How to Grow Antirrhinum Plants in your Garden

Gardener's HQ Guide to Growing Snapdragon and Dragon Flowers

The half hardy perennial Antirrhinum flowers from late spring through to the late autumn. Snapdragon is a sub-shrub.

It carries flowers that range in colour from vibrant red and orange through to pale pastel.

Brother Alfred Brousseau @ USDA-NRCS PLANTS Database. St. Mary's College of California.

Description of Antirrhinum

Antirrhinum ranges range in height from fifteen centimeters for dwarf species to as high as 65 cm for taller varieties; interestingly it is the taller varieties that are most sturdy with the dwarf varieties being quite floppy in nature.

Antirrhinum majus
Antirrhinum majus by Carl E. Lewis.

Antirrhinum Growing and Care Guide

  • Common Names: Snapdragon, Dragon flower.
  • Life Cycle: Half-hardy perennial. Often grown as a cold season annual.
  • Height: 6 to 48 inches (15—120 cm). Sub-shrub.
  • Native: Europe, Asia Minor, North America, North Africa.

  • Growing Region: Zones 7 to 10.
  • Flowers: Mid- spring through to the first frost of autumn.
  • Flower Details: Red, orange, pink, white, yellow, peach, purple. Bicolor varieties available. Colors can be vibrant or pastel. Flowers appear on spiked terminal racemes. Two lipped flowers.
  • Foliage: Herbaceous. Spiral leaves. Broad to Lance-shaped. Up to two and a half inches (7 cm) in length.

  • Sow Outside: Seeds: Surface under a cold frame. Late summer.
  • Sow Inside: Germination time: two to three weeks. Temperature: 55°F (13°C). Two months in advance of last frost. Transplant outdoors following the last frost or in autumn. Space at 6 to 16 inches (15—40 cm) depending upon species/cultivar size.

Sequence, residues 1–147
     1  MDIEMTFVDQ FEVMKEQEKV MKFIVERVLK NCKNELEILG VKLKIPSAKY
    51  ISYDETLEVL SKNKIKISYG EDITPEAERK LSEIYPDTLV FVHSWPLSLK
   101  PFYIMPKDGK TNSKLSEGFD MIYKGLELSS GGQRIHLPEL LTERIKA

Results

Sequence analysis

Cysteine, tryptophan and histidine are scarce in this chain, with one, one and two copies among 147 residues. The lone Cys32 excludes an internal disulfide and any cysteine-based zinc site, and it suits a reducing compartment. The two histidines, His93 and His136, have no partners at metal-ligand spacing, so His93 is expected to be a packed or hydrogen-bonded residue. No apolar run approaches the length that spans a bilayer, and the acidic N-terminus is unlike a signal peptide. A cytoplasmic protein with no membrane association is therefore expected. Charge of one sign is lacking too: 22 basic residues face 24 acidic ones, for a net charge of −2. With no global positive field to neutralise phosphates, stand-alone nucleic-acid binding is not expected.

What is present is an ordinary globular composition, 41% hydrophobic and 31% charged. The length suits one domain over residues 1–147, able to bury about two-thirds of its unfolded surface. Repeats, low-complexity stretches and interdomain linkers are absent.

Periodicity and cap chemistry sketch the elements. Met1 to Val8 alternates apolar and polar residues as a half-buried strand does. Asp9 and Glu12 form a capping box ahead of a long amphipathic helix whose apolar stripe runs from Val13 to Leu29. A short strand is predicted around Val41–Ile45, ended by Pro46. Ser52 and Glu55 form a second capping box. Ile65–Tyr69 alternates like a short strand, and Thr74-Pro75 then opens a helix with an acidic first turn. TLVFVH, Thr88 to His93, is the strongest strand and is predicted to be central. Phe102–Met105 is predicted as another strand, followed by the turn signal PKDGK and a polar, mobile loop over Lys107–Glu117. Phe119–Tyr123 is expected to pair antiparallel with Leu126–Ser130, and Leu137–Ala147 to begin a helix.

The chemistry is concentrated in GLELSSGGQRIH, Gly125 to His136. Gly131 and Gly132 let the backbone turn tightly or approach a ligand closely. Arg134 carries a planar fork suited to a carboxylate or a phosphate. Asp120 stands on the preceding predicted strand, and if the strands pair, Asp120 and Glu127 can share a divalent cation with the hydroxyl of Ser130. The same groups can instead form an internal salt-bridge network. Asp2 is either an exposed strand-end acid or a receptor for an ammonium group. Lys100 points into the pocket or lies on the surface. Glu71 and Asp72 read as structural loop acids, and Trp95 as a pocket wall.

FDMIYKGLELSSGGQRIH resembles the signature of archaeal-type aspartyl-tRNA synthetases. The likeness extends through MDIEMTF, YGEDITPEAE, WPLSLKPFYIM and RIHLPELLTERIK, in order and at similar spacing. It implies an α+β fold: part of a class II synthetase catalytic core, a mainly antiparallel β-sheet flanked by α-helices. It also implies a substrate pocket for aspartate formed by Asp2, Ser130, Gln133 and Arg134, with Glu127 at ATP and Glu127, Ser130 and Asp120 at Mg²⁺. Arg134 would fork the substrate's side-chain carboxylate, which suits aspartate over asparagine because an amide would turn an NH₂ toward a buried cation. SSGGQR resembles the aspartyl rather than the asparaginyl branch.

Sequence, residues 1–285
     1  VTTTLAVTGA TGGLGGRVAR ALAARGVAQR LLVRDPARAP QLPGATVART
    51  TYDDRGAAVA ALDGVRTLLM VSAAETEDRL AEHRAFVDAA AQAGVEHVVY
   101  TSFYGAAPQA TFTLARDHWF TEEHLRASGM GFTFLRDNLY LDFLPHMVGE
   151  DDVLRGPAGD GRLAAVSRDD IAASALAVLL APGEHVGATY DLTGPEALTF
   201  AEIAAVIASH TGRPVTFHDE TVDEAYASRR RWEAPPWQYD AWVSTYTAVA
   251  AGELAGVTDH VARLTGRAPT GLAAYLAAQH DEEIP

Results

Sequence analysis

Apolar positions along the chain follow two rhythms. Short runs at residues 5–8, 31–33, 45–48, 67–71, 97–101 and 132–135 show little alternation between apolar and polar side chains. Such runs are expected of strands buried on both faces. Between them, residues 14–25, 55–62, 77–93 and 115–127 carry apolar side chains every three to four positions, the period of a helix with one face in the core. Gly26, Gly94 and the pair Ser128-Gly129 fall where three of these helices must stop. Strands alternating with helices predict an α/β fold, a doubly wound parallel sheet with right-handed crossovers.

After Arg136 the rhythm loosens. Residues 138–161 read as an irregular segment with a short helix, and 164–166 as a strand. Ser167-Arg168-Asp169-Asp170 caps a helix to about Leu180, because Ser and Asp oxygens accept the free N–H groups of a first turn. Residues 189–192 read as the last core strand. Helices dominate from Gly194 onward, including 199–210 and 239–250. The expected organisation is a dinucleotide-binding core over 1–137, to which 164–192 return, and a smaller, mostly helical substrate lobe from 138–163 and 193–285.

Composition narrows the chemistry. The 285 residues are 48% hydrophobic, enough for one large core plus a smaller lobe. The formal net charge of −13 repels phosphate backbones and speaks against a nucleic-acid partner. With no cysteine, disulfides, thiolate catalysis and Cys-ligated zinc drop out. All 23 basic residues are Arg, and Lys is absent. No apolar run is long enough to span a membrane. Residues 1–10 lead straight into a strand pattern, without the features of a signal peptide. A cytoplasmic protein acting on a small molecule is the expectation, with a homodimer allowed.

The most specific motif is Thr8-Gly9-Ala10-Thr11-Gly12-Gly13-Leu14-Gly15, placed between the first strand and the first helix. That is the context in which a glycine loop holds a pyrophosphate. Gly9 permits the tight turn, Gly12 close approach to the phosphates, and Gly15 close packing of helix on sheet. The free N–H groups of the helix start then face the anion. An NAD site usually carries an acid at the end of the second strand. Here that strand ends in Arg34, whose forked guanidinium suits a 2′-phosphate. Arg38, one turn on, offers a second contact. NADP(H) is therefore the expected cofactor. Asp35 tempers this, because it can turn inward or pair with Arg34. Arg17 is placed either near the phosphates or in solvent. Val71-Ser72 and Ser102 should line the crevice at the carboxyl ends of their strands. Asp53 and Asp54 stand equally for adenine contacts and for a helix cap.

• Requirements and care: Full sunlight for best results, or partial shade. Most soils (not heavy ones). Neutral soil pH and a richer soil should bring greater success. Feed before blooming. Water during prolonged dry spells. Susceptible to rust, molds, dusty mildew, root rot, and aphids. Pinch tips of young plants to encourage bushiness. Deadheading prolongs the blooming period. If plants do not produce a second bloom cut back hard and fertilize. Mulch if overwintering.
  • Family: Plantaginaceae.
  • Closely Related Species: Chelone, Digitalis, Veronica.

  • Miscellaneous: Gets its common names (Snapdragon, Dragonflower) because of the flowers resemblance to that of a dragon; pinching the flower causes the ‘Dragon’s’ mouth to snap. The same affect occurs when a bumblebee enters the flower, with the lips closing in on the bee to allow transfer of pollen. Antirrhinum plants have a complex taxonomy with botanists arguing which plants are true Antirrhinum and which belong to the Sairocarpus genus. The scientific name is derived from the Greek words for ‘like a nose’.
    Attracts butterflies and hummingbirds. Deer tolerant plant.

How to Grow Antirrhinum

It is best to sow Antirrhinum on the soil surface under cold frames in the late summer. Ideally Snapdragon should be sowed indoors eight or nine weeks before planting out.

If growing indoors, seeds should be allowed two to three weeks to germinate; they should then be grown at a temperature of around 13 degrees Celsius.

Antirrhinum should then be planted outdoors in the autumn at a spacing of fifteen centimeters for dwarf species and thirty centimeters for larger species.

They prosper in full sunlight, though they can also tolerate light shade if it is a necessity. The soil type is not that important but should not be too heavy; snapdragon prefers a richer soil of neutral pH.

Snapdragon by A. Gude.

Caring for Snapdragon and similar Species

Snapdragon is easy to look after; ideally they should be pinched back at the five or six leaf stage to facilitate a bushy growth habit.

Prior to flowering they require a couple of light feeds. It is important to deadhead plants following flowering to encourage further flowers.